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Cordyceps hauturu Dingley

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Scientific name
Cordyceps hauturu
Author
Dingley
Common names
 
IUCN Specialist Group
Cup-fungi, Truffles and Allies
Kingdom
Fungi
Phylum
Ascomycota
Class
Sordariomycetes
Order
Hypocreales
Family
Cordycipitaceae
Assessment status
Published
Assessment date
2019-07-25
IUCN Red List Category
DD
Assessors
Buchanan, P.
Reviewers
Cooper, J.A.

Assessment Notes

The content on this page is fetched from The IUCN Red List of Threatened Species: https://www.iucnredlist.org/species/154811245/154811312

Justification

This species is only known from five collections, but so little is known about its ecological requirements (i.e. obligate host species) that it is not possible to estimate its population size or trends with any degree of certainty. It is therefore assessed as Data Deficient. Further research is urgently needed.

Taxonomic notes

Cordyceps hauturu is a New Zealand endemic insect parasite, described in 1953 by Joan Dingley, an experienced mycologist who noted its distinction from the superficially similar and more common Ophiocordyceps robertsii. The latter species, known to Māori as āwheto, was collected and burnt to produce a black pigment for tattooing. Possibly, C. hauturu was used for the same purpose.

Apart from the holotype and a second specimen included in the protologue (both from the Auckland region), no other specimens were identified under this name until recently. In 2019, three additional specimens (one predating the holotype) were distinguished by macromorphology by Peter R. Johnston from among 55 Fungarium PDD specimens of O. robertsii and 107 specimens of Cordyceps species.  O. robertsii has discrete perithecia, while those of C. hauturu are more immersed and somewhat stromatic.

Geographic range

This species is endemic to New Zealand. The five collections known are geographically widely dispersed in both North and South Islands. The identity of the hepialid moth host(s) has not been investigated. It is not known whether the widespread distribution of Cordyceps hauturu reflects the sporadic distribution of one (or more) host species.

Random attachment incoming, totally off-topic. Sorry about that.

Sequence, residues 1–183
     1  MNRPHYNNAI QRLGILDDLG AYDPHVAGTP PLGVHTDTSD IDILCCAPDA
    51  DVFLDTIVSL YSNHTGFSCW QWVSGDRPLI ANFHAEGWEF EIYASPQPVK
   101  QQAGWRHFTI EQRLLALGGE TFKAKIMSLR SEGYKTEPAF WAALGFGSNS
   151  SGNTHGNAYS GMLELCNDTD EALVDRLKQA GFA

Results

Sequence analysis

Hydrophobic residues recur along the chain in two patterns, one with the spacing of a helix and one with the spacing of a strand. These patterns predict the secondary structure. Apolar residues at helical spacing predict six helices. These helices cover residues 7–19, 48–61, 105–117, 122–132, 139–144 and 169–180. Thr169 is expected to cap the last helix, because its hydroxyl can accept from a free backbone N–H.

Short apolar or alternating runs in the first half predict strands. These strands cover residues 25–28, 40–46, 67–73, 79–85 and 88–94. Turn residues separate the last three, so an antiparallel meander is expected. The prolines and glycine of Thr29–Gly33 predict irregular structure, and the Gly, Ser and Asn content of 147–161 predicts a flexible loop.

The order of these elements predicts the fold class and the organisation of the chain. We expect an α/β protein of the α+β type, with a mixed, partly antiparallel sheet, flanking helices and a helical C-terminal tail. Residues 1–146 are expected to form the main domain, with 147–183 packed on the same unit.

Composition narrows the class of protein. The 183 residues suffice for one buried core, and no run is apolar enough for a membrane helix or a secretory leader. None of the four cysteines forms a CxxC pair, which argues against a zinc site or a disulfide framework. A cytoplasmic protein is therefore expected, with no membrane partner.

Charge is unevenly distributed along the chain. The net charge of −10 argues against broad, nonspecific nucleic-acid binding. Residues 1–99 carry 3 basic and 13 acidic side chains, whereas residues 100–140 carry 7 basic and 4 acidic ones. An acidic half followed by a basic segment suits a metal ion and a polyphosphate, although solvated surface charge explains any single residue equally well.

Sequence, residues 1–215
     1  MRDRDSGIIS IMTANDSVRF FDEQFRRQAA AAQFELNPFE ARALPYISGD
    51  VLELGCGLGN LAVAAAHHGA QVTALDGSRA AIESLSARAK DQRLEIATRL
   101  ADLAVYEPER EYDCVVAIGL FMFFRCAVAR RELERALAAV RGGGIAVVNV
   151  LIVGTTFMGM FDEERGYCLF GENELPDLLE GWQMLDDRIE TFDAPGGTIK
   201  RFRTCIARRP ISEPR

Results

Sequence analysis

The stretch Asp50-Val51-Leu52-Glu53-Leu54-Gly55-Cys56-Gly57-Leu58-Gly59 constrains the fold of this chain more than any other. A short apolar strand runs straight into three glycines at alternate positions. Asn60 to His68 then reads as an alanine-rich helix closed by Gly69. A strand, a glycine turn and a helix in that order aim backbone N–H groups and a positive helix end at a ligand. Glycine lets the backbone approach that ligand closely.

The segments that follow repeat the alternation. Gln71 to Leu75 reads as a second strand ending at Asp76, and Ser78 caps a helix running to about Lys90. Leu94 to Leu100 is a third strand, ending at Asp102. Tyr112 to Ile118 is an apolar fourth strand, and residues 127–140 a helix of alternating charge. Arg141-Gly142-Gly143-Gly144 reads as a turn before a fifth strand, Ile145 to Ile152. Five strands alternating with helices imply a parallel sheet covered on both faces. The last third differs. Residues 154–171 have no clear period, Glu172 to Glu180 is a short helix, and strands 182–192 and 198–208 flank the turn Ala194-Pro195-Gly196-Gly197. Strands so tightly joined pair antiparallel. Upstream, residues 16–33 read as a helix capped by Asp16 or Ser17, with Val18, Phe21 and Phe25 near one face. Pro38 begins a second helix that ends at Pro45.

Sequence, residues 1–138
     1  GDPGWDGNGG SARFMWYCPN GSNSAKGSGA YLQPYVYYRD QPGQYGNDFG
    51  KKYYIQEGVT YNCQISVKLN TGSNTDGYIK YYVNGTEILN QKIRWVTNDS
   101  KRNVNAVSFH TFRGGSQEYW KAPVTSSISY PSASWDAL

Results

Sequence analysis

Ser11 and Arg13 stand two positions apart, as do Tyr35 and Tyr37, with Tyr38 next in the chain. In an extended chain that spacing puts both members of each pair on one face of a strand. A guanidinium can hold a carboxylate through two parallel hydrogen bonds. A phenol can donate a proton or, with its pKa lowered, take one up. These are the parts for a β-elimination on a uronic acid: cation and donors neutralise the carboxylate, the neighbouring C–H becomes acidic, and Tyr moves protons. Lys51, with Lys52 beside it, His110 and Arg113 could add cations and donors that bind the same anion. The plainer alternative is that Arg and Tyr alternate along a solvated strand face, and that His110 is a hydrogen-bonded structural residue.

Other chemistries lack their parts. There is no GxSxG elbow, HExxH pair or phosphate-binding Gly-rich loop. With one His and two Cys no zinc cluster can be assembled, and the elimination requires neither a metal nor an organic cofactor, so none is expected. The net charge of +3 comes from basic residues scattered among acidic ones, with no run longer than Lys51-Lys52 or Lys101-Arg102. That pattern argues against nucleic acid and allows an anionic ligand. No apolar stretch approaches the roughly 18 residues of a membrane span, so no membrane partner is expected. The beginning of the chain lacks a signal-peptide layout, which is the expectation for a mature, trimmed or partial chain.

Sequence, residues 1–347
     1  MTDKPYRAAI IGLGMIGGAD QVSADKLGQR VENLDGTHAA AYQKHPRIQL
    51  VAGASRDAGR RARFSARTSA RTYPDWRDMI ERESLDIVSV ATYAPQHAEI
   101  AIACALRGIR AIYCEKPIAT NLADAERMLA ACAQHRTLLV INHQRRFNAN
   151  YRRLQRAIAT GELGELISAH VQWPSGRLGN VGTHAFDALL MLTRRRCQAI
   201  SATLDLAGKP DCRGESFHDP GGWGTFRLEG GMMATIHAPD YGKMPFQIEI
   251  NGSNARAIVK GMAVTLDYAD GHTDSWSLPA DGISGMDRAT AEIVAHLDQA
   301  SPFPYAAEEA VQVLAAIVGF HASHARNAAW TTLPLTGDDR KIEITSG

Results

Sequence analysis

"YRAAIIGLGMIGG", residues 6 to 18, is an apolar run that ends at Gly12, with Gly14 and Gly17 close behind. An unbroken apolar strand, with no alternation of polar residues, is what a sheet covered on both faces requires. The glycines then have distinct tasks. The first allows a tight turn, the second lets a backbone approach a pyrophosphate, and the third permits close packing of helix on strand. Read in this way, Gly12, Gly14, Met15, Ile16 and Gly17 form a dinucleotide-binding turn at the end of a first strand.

Population and Trends

Its population size and trend are unknown, but as a parasite it is likely to be following the trend of its host hepialid moth species. One of its potential host species (Heloxycanus patricki) is assessed as At Risk - Declining, according to the New Zealand Threat Classification System (Hoare et al. 2017). There are fewer sightings of this Cordyceps species than the related Ophiocordyceps robertsii.

Population Trend: unknown


Habitat and Ecology

This species is obligately parasitic on caterpillar larvae of one or more species of native hepialid moth, producing its aerial fruitbody from buried mummified caterpillars. It is known from podocarp/broadleaf temperate forest.

Threats

It is vulnerable to decline of native hepialid moth species, but this is unknown pending identification of the host(s).  

It might become vulnerable if commercial harvesting initiatives (currently under consideration in New Zealand involving Asian partnerships) target this species in preference to the less uncommon Ophiocordyceps robertsii.

Conservation Actions

Now that recently collected (2014, 2015) specimens of Cordyceps hauturu have been distinguished from fungarium material filed as Cordyceps sp. and Ophiocordyceps robertsii, phylogenetic relationships can be determined. Identification of the hepialid host(s) is a priority in order to better predict the distribution of C. hauturu and to evaluate any threats to the host and hence to its obligate parasite.

Use and Trade

The potential of this species for medicinal or nutraceutical use has not been considered, compared to major over-exploitation of Ophiocordyceps sinensis, and interest locally and from abroad to therapeutic use of Ophiocordyceps species. Cordyceps hauturu could be under threat if found to have applied use.

Source and Citation

Buchanan, P. 2019. Cordyceps hauturu. The IUCN Red List of Threatened Species 2019: e.T154811245A154811312. https://dx.doi.org/10.2305/IUCN.UK.2019-3.RLTS.T154811245A154811312.en .Downloaded on 31 January 2021

Country occurrence